In the first step of the fourth model, total DES and DERS scores were entered in the analysis in addition to emotional abuse and physical neglect, and they were related with the severity of IA symptoms, whereas emotional abuse and physical neglect were no more related with the severity of IA symptoms. In the second step of this model, instead of total DES and DERS scores, subscales of these scales were entered in the analysis in addition to emotional abuse and physical neglect. In this analysis, amnestic dissociation (DES-I) subscale of DES and strategies, impulse, clarity and aware subscales of DERS were related with the severity of IA symptoms, whereas emotional abuse and physical neglect were not (Table 4).

Severity of dissociative experiences (particularly amnestic dissociation [DES-I]), and emotion dysregulation (particularly strategies, impulse, clarity and aware subscales) mediated the relationship of childhood traumas of emotional abuse and physical neglect with the severity of IA symptoms (Table 4).



DISCUSSION

The rate of high IA risk was 12.4% in the present study, which was consistent with previous studies that considered IA dichotomously (IA present or absent) in analyses and found rates ranging from 7.2 to 12.3 among university students in Turkey (1,3-5). The main finding of the present study, which is also consistent with our hypothesis, was that severity of childhood trauma and IA symptoms were related, and severity of dissociative experiences (particularly amnestic dissociation [DES-I]) and emotion dysregulation (particularly strategies, impulse, clarity and aware subscales) mediated this relationship. This finding is consistent with previous studies that found both emotion dysregulation and dissociation to be significant mediators between childhood trauma and eating psychopathology (50), internalized and externalized behavior problems (51), and gambling severity (11). This may suggest that young adults with high dissociative experiences and emotional dysregulation, may enjoy using the Internet, which may offer them immediate pleasure to regulate negative emotions.

Severity of childhood trauma and severity of different trauma types were all higher among those with high IA risk. Although severity of childhood trauma was related with the severity of IA symptoms in regression analysis, subsequent analysis revealed that among different forms of childhood trauma, particularly emotional abuse and physical neglect dimensions are related to the severity of IA symptoms. This may suggest that instead of particularly focusing on physical and sexual abuse, it is important to evaluate all forms of childhood trauma when considering IA (5). This is important because, directly or indirectly, childhood traumas can contribute to the formation of other psychopathologies such as dissociative experiences or disorders (16,18,64-66) and behavioral addictions such as gambling (10,11), IGD (12) and IA (5,13-15), with emotional dysregulation being a core feature that may help account for this heightened risk (21).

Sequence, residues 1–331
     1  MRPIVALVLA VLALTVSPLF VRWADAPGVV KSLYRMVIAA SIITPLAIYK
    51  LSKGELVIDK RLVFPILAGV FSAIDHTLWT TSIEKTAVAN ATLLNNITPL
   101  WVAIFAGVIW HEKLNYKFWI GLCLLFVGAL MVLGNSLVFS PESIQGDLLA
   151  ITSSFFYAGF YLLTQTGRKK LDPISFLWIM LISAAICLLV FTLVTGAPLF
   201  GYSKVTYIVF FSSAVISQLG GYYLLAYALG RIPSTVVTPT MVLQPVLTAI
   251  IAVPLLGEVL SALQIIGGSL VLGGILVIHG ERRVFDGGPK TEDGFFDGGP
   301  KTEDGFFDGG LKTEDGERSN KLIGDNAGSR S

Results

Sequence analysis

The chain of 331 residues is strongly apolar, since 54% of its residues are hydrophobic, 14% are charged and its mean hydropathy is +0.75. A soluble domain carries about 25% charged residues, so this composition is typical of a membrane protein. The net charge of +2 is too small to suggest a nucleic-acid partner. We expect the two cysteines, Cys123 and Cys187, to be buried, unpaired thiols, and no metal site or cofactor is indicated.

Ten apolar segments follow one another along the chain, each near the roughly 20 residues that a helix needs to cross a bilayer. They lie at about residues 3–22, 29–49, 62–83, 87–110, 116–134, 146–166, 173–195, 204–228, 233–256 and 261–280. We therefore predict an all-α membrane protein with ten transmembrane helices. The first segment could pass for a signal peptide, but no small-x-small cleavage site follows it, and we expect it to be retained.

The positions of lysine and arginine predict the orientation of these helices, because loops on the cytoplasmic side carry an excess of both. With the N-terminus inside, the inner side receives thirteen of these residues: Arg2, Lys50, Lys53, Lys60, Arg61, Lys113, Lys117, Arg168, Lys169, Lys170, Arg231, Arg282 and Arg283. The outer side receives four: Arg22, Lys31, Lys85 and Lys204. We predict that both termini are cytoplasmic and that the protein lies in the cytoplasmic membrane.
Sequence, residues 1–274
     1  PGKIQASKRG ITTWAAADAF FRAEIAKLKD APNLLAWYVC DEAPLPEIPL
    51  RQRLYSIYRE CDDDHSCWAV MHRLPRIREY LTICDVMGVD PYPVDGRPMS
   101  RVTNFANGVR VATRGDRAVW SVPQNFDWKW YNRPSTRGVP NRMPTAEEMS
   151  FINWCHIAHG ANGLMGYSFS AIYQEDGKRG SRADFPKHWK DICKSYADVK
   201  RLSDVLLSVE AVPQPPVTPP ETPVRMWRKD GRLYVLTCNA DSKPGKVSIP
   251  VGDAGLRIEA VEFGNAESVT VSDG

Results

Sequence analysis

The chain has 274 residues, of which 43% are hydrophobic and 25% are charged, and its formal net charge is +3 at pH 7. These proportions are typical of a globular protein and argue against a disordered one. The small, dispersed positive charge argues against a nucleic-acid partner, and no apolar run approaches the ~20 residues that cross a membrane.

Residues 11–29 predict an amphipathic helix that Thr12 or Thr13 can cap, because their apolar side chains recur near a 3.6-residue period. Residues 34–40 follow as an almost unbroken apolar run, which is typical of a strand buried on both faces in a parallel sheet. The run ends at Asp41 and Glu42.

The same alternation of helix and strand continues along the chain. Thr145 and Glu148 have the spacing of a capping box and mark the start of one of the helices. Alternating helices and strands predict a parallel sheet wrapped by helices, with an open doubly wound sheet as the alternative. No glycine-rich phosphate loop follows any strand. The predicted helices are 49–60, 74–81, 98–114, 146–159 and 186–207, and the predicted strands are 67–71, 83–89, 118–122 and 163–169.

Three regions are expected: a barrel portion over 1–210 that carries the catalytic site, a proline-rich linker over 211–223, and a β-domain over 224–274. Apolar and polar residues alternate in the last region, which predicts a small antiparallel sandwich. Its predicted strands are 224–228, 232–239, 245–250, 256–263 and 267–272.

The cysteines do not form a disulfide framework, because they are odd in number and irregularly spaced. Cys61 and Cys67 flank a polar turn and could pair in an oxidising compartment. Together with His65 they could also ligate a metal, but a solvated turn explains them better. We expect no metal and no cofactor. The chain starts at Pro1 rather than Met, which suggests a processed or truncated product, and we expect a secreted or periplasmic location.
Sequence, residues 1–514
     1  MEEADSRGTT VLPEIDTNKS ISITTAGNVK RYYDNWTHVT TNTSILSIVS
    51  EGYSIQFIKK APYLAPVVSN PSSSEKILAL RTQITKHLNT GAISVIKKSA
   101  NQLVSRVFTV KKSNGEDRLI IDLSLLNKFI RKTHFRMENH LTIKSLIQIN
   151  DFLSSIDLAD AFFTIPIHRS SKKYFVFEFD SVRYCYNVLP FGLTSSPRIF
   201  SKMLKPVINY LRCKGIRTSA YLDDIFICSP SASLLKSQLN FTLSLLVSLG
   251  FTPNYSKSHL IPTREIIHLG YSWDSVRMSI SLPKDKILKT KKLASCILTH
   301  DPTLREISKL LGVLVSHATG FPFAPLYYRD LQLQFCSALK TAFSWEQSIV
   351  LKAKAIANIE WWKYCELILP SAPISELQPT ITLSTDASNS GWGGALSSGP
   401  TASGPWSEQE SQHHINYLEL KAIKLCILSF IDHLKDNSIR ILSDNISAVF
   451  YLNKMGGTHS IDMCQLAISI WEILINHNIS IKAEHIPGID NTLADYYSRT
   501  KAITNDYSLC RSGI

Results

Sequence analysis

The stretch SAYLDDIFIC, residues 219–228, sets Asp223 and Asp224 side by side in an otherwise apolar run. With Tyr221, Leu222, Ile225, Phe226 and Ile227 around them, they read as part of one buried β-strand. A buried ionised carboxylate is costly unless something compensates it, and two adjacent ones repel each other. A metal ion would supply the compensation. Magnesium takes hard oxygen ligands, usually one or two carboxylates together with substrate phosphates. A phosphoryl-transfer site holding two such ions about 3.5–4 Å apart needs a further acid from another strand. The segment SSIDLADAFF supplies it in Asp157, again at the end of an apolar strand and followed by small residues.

In a previous study, physical abuse was reported to be a possible risk factor for IA among Chinese students (14). Nevertheless, causal relationships between physical abuse and IA may be in a reverse sequence in this study. In the present study, one of the two main forms of childhood trauma that was related to severity of IA was emotional abuse. Consistent with this finding, a previous study conducted in Europe revealed that adolescents lacking emotional and psychological support had the highest risk for IA (2). In addition, emotional abuse was found to be a possible risk factor for IA among Turkish university students (5). Supporting these findings, Gladstone et al. (67) pointed out that the significance of emotional abuse as an important development factor was linked with adulthood problems in self-definition and self-worth. The results of previous studies showed that lower family functioning was related with IA (68), whereas a warm family atmosphere was found to be a protective factor against IA among college students (69). Furthermore, early emotional abuse may be related to personality dimensions associated with poor impulse control and interpersonal relationships and may increase the risk of emotional and cognitive problems (70) and vulnerability to severe addiction (71).

Consistent with previous studies (4,5,19,20), severity of dissociative experiences, which is suggested to be a maladaptive strategy to alleviate painful emotions in students (72), were related to severity of IA in the present study. Students with negative emotions may use both dissociation (72) and/or the Internet (73-75) to relieve these emotions both internally and externally. That is, dissociation may (at least theoretically) be associated with unique characteristics of Internet use (e.g., anonymity) (4). Thus the Internet may provide an appropriate place for students with severe childhood trauma to dissociate from, and in other words manage, their negative emotions. Findings from the present study may suggest that dissociative experiences among persons with high IA risk may represent pathological dissociation directly related with childhood trauma or a possible psychological defense mechanism that university students with severe childhood trauma frequently use against internal or external stress. Nevertheless, the cross-sectional design of the present study makes it difficult to interpret the findings.